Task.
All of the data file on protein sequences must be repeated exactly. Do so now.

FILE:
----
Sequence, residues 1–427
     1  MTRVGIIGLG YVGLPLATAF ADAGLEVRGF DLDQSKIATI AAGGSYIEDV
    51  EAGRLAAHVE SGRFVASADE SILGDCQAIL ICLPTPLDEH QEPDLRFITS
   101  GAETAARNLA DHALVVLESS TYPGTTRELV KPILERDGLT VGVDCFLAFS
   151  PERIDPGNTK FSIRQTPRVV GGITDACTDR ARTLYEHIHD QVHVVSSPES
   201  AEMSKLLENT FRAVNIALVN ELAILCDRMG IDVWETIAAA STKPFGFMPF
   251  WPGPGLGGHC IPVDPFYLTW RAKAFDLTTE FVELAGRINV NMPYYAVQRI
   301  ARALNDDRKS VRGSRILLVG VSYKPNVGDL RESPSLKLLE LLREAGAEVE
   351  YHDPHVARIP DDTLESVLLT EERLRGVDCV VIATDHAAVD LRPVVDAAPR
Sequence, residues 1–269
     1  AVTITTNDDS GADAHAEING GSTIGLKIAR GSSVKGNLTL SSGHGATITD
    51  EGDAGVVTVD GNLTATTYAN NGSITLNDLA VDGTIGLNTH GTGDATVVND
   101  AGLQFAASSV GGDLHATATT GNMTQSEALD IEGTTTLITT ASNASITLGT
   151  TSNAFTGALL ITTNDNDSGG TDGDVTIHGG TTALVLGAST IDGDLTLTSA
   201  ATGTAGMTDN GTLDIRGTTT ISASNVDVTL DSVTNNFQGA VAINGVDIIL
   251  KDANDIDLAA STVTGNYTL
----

Sequence, residues 1–427
     1  MTRVGIIGLG YVGLPLATAF ADAGLEVRGF DLDQSKIATI AAGGSYIEDV
    51  EAGRLAAHVE SGRFVASADE SILGDCQAIL ICLPTPLDEH QEPDLRFITS
   101  GAETAARNLA DHALVVLESS TYPGTTRELV KPILERDGLT VGVDCFLAFS
   151  PERIDPGNTK FSIRQTPRVV GGITDACTDR ARTLYEHIHD QVHVVSSPES
   201  AEMSKLLENT FRAVNIALVN ELAILCDRMG IDVWETIAAA STKPFGFMPF
   251  WPGPGLGGHC IPVDPFYLTW RAKAFDLTTE FVELAGRINV NMPYYAVQRI
   301  ARALNDDRKS VRGSRILLVG VSYKPNVGDL RESPSLKLLE LLREAGAEVE
   351  YHDPHVARIP DDTLESVLLT EERLRGVDCV VIATDHAAVD LRPVVDAAPR
Sequence, residues 1–269
     1  AVTITTNDDS GADAHAEING GSTIGLKIAR GSSVKGNLTL SSGHGATITD
    51  EGDAGVVTVD GNLTATTYAN NGSITLNDLA VDGTIGLNTH GTGDATVVND
   101  AGLQFAASSV GGDLHATATT GNMTQSEALD IEGTTTLITT ASNASITLGT
   151  TSNAFTGALL ITTNDNDSGG TDGDVTIHGG TTALVLGAST IDGDLTLTSA
   201  ATGTAGMTDN GTLDIRGTTT ISASNVDVTL DSVTNNFQGA VAINGVDIIL
   251  KDANDIDLAA STVTGNYTL